Willesden mother plans to sue Brent Council in college row
- Credit: Archant
A mother fighting to get her son who has learning difficulties into a college of her choice has said she will take legal action against Brent Council.
Chopi Saib of Ilex Road in Willesden insists her 19-year-old son, Nihal, should be given a place at West London Community College in Uxbridge which has specialist provision for adults with autism spectrum conditions.
But Brent Council want to send Nihal - who suffers from the genetic disorder fragile X syndrome and has autism and epilepsy - on a daily three-hour round trip to Oaklands College in St Albans which provides for students with learning difficulties.
Ms Saib said: “They have nothing in Brent.
“He (Nihal) is upset and was put on anti-depressants last month.
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“I will keep him home, I will not send him to Oaklands, the council know that and they still say no.”
Ms Saib’s says Oaklands is too far away from home and the classes are too crowded for Nihal.
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She objects to Nihal only being offered a three day week at Oaklands and says the college’s holidays are too long compared to West London Community College.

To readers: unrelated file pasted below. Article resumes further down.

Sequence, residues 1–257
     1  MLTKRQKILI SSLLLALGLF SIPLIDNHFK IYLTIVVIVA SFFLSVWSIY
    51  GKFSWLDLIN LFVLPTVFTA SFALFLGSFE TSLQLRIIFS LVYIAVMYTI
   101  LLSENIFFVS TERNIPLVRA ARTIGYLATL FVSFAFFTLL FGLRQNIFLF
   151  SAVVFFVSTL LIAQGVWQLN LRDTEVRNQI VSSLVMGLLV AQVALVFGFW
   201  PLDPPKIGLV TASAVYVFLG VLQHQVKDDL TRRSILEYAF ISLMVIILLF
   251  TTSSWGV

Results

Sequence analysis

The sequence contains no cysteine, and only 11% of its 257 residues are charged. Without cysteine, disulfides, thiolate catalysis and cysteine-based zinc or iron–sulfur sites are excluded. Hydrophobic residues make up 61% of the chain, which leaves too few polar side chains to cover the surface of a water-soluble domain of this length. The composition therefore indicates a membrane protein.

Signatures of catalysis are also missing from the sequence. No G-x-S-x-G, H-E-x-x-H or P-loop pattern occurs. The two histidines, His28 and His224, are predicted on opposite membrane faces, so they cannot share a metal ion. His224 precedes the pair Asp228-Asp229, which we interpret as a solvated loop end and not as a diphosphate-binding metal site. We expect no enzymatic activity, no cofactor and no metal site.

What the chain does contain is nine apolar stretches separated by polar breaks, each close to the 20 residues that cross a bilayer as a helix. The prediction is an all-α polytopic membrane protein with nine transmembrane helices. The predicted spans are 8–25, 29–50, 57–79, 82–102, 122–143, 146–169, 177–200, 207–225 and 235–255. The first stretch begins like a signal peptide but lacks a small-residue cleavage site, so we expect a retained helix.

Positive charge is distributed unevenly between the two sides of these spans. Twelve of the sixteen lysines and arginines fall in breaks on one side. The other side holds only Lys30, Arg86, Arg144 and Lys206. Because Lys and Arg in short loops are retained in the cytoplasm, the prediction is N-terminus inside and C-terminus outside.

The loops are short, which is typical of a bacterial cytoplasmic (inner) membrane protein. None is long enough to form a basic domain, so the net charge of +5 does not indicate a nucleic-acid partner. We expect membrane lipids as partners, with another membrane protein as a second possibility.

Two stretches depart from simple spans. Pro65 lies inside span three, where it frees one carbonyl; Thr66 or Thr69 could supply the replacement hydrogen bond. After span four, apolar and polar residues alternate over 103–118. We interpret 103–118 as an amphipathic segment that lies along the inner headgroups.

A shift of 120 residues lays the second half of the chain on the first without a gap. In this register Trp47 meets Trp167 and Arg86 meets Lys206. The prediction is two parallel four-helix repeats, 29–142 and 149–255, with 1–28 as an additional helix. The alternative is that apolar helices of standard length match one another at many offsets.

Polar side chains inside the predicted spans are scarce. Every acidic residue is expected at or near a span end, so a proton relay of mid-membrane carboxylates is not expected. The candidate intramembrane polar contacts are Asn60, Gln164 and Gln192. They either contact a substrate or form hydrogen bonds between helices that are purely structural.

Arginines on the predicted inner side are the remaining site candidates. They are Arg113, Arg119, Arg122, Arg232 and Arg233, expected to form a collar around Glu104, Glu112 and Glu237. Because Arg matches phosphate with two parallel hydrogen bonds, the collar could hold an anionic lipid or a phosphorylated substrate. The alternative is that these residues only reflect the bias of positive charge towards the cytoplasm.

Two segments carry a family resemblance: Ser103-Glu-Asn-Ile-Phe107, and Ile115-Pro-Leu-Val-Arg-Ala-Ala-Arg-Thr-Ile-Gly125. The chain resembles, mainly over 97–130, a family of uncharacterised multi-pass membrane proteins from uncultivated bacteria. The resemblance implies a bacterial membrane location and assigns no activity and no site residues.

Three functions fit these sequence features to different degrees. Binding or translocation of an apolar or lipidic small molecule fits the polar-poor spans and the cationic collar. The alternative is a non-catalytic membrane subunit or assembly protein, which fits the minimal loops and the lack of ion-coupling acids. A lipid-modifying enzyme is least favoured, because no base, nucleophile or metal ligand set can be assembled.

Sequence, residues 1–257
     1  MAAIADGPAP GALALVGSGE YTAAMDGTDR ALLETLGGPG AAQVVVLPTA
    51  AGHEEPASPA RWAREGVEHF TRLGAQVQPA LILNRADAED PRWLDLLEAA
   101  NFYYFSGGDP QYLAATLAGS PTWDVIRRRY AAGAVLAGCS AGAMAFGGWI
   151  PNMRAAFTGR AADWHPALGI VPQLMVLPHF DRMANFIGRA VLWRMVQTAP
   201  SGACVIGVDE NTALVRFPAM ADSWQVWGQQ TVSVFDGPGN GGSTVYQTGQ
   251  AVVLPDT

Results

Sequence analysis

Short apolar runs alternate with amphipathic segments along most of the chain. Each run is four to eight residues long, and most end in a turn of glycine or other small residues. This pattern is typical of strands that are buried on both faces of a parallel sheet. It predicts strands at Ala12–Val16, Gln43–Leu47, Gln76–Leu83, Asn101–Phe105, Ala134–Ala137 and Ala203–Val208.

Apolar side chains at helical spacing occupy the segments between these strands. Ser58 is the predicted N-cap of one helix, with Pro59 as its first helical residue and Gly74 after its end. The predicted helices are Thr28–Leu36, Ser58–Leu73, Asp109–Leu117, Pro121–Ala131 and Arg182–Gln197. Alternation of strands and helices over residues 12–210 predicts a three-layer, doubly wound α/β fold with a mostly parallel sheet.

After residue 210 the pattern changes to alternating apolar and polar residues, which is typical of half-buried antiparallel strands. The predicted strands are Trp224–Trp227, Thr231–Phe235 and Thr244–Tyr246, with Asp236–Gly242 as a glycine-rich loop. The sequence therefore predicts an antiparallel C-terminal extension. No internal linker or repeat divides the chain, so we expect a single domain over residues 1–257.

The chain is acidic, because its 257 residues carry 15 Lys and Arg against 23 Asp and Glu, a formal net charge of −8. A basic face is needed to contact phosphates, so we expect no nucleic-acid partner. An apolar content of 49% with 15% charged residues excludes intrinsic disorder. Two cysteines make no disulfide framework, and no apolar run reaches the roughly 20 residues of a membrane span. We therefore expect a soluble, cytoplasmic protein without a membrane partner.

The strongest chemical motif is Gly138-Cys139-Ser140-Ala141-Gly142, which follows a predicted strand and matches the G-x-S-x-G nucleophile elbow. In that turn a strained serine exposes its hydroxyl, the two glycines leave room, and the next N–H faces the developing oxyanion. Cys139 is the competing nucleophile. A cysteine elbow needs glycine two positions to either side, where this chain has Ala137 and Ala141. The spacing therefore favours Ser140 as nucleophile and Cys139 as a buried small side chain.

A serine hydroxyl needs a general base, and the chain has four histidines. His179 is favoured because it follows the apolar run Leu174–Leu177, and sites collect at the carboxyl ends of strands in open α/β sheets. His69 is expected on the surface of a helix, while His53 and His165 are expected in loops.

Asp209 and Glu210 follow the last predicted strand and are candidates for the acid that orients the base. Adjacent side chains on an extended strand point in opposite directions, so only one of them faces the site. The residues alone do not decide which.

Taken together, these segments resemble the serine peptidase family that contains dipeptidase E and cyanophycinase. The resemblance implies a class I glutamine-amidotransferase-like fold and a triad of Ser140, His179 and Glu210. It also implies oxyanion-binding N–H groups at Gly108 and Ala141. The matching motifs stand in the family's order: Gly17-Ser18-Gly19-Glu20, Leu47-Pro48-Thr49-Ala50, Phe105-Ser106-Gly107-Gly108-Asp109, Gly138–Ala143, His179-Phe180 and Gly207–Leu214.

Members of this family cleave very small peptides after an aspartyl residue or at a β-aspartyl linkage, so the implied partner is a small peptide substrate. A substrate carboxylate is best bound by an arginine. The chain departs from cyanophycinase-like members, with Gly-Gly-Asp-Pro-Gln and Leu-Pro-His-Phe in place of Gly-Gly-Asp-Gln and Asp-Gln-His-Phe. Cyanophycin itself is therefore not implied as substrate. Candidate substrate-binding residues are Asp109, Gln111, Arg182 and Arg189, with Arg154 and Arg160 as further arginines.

Ms Saib also wants Nihal placed in a college that caters solely for special needs students.
In 2004, Ms Saib fought for 10 months to get Nihal into Pield Heath RC school in Uxbridge after going against Brent Council’s advice to put him into day care.
A Brent Council spokesman said: “We’ve offered to fund Nihal a place at Oaklands College because we feel it is best able to meet his needs.
“West London Community College is not a registered Further Education College. “The courses at Oaklands College are of a very good standard and it offers bespoke courses for young people like Nihal with learning disabilities.
“Other young people from Brent have gone there in recent years and done well at the college.
“While we understand that Chopi is disappointed with our decision, we care about being able to offer the best courses we can for Nihal which meet his needs and feel that Oaklands will provide this.”
As a result of his community work, Nihal received The Diana Award, signed by David Cameron for his “taking the time to improve the lives of others” earlier this year.
The award is a legacy to Diana Princess of Wales (1961-1997) and her belief that young people have the power to change the world for the better.